(1) ABSENT WITNESS
1. Depositions in previous proceedings.
The next attack upon the judgment was that the deposition of Dr. J.S. Kholi which
was tendered in evidence by J. Ubboe was wrongly admitted in evidence because it
did not comply with the provisions of S. 34 of the Evidence Act (Cap. 62) and that the
learned Justices of the Court of Appeal erred in failing to declare it inadmissible.
Counsel submitted that compliance with the provisions of the relevant law made it
incumbent upon the registrar of the Court who was called to produce the deposition
as evidence at the trial to read out the charge, as laid against the accused before the
examining magistrate, before the trial Judge to enable him to see whether this charge
was substantially the same as the count in the information. Indeed, a look at the
deposition shows that no reference was made therein to the charge in respect of
which the deposition was taken, nor is the suit number of the charge before the
examining magistrate mentioned therein.
In the case of R. v. Ijoma, to which our attention was called by learned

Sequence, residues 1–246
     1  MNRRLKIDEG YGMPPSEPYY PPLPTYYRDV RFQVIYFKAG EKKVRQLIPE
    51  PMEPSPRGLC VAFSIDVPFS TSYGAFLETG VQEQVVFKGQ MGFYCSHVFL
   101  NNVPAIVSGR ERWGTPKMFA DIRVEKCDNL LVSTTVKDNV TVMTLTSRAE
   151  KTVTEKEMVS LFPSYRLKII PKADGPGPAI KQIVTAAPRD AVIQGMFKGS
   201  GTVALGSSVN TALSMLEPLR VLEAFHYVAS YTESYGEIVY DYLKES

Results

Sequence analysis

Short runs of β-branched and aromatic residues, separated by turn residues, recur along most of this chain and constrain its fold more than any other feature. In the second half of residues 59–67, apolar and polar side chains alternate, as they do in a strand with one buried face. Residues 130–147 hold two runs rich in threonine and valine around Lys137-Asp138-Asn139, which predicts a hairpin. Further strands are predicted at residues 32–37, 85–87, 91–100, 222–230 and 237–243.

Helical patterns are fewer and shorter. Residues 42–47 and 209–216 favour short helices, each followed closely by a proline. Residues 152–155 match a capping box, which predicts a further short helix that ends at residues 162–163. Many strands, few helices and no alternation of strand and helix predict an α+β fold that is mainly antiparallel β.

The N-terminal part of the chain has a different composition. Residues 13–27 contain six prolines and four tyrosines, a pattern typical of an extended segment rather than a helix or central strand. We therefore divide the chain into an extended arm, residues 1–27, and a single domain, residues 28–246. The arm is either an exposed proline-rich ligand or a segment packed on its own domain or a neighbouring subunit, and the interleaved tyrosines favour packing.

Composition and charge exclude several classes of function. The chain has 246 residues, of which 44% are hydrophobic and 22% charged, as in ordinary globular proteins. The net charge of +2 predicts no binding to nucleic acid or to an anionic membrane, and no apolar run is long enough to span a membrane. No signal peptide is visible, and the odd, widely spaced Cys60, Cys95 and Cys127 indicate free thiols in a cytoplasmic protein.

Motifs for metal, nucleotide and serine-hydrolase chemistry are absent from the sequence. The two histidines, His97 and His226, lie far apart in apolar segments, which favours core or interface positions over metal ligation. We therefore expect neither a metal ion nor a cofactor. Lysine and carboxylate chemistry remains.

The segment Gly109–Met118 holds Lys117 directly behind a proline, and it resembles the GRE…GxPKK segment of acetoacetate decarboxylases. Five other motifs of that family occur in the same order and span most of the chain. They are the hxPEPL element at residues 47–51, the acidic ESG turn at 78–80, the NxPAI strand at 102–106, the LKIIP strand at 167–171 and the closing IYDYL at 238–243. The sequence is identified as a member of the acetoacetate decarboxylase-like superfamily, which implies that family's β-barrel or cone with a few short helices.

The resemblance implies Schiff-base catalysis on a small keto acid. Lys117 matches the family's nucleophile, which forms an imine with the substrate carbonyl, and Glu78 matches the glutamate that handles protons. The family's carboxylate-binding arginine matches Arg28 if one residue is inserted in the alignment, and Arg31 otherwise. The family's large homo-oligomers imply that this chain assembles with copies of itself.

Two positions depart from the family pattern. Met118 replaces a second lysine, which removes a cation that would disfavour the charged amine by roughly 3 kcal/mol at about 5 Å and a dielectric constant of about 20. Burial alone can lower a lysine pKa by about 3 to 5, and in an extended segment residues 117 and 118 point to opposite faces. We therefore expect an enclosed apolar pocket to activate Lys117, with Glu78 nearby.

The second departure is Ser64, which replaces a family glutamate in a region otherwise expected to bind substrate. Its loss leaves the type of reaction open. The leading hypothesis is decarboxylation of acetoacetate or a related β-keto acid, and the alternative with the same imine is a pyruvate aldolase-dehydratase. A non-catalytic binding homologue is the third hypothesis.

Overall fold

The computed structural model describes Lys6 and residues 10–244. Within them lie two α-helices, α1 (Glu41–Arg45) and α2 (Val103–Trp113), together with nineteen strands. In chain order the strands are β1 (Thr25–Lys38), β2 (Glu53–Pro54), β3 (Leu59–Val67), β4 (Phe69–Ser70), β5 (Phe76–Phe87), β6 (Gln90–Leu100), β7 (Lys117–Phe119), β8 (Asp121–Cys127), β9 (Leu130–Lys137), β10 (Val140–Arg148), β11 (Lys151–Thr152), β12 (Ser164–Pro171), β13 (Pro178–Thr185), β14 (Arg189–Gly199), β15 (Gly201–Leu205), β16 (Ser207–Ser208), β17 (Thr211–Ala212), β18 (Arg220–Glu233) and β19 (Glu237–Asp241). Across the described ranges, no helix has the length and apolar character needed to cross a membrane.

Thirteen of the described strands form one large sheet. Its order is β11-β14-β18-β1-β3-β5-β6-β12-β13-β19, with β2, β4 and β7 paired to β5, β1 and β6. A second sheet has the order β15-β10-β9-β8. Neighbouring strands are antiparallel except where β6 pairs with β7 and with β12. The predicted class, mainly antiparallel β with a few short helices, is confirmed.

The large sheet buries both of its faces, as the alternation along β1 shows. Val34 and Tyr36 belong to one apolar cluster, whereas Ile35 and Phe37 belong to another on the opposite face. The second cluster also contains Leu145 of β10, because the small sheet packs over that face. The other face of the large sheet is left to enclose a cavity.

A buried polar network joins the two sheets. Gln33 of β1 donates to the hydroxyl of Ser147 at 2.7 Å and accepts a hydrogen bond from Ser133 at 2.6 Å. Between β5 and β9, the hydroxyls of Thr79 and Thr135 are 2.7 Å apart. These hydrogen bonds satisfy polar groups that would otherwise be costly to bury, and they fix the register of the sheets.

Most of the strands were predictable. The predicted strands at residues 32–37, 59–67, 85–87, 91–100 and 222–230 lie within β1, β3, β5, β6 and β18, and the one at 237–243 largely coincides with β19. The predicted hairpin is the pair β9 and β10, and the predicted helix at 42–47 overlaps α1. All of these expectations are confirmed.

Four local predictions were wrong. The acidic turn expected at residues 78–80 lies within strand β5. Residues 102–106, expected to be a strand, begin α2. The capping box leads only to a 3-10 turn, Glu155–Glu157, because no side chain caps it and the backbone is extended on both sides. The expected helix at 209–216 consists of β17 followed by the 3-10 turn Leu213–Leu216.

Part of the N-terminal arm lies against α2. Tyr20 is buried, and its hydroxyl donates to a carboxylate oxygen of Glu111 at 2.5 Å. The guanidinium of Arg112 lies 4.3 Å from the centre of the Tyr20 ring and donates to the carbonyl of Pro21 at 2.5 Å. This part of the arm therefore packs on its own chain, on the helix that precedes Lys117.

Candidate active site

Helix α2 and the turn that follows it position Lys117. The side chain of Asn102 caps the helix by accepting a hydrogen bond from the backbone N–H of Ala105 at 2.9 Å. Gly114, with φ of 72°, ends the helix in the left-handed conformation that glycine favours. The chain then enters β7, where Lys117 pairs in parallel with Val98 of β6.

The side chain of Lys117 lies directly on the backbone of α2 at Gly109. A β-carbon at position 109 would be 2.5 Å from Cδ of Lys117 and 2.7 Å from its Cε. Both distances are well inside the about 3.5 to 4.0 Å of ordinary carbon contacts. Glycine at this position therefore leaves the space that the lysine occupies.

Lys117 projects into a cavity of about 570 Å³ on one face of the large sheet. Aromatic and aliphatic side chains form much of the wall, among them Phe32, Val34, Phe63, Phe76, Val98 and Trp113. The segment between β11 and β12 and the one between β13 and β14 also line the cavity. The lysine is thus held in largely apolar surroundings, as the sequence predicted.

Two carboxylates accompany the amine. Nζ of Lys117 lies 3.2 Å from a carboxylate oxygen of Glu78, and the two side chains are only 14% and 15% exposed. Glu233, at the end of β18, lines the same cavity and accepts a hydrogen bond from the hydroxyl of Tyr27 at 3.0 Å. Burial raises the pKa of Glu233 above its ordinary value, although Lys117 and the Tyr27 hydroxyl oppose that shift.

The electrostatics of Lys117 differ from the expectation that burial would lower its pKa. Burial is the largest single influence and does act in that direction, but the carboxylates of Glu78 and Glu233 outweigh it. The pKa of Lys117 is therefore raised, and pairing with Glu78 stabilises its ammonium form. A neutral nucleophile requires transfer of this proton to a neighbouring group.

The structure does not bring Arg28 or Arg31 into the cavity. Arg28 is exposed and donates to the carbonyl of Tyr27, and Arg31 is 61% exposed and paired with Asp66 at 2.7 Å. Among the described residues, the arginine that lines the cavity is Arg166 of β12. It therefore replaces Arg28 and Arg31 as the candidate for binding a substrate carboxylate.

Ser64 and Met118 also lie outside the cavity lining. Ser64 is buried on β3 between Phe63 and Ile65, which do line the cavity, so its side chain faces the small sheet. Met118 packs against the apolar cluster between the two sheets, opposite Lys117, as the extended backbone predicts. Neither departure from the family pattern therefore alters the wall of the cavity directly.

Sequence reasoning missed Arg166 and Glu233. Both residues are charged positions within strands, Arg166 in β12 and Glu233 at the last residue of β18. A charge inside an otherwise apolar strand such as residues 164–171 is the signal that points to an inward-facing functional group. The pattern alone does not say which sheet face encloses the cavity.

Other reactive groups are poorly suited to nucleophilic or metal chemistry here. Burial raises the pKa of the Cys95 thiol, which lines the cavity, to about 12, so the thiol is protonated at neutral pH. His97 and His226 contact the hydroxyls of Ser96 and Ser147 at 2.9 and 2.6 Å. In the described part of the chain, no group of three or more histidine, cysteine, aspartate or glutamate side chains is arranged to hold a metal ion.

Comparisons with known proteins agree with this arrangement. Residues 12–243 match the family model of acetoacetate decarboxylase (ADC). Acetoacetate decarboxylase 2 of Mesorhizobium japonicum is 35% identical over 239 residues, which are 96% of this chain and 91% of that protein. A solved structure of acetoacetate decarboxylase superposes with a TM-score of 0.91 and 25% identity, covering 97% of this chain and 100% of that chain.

counsel for the appellant, the Federal Supreme Court held per curiam in a judgment
delivered on July 7th, 1962 by Ademola, C.J.F., as follows: -  1 All N.L.R. at
403-404): - “(1) When the Registrar of a Court is called upon to produce a Prelimi-
nary Enquiry deposition in evidence at a trial, he should be asked to read out the
charges which were taken before the Examining Magistrate, so that the trial Judge
may see whether those charges were substantially the same as the counts in the
Information. If the Judge admits the deposition, the Registrar should read it out, and,
where necessary, it should be interpreted to the accused. (2) The Registrar should
attach to a deposition he is putting in evidence a certified copy of the caption to the
Magistrate’s proceedings; showing the name of the Court, the parties to the proceed-
ings, and the charges. In that way, the Federal Supreme Court will have a copy of
the initial charges when the case comes up on appeal.”
In view of the above, I hold that there is substance in the learned counsel’s
submission on this ground and that the deposition of Dr. Kholi was not properly ad-
mitted in evidence because of the Registrar’s failure to comply with the procedure as
stated above, which had deprived the trial Judge as well as the justices of this Court
of the chance of having a copy of the initial charge, the deposition in respect of which
was taken by the examining magistrate.” - Per Eboh, J.C.A. in Utie v. State (1980)
(2) N.C.R. 69 at 75 - 76.
2. In admitting depositions of previous proceedings, in another proceeding
issues must substantially be the same in both proceedings as provided un-
der S. 34 (1) Evidence Act (Cap. 62).
“As regards the deposition of Dr. Kholi, the statutory condition precedent to its ad-
missibility under S.34 (1) of the Evidence Act was not satisfied since the charge in
the case in which the doctor gave the evidence was not tendered in evidence in this
Absent witness Paras. 1 ,2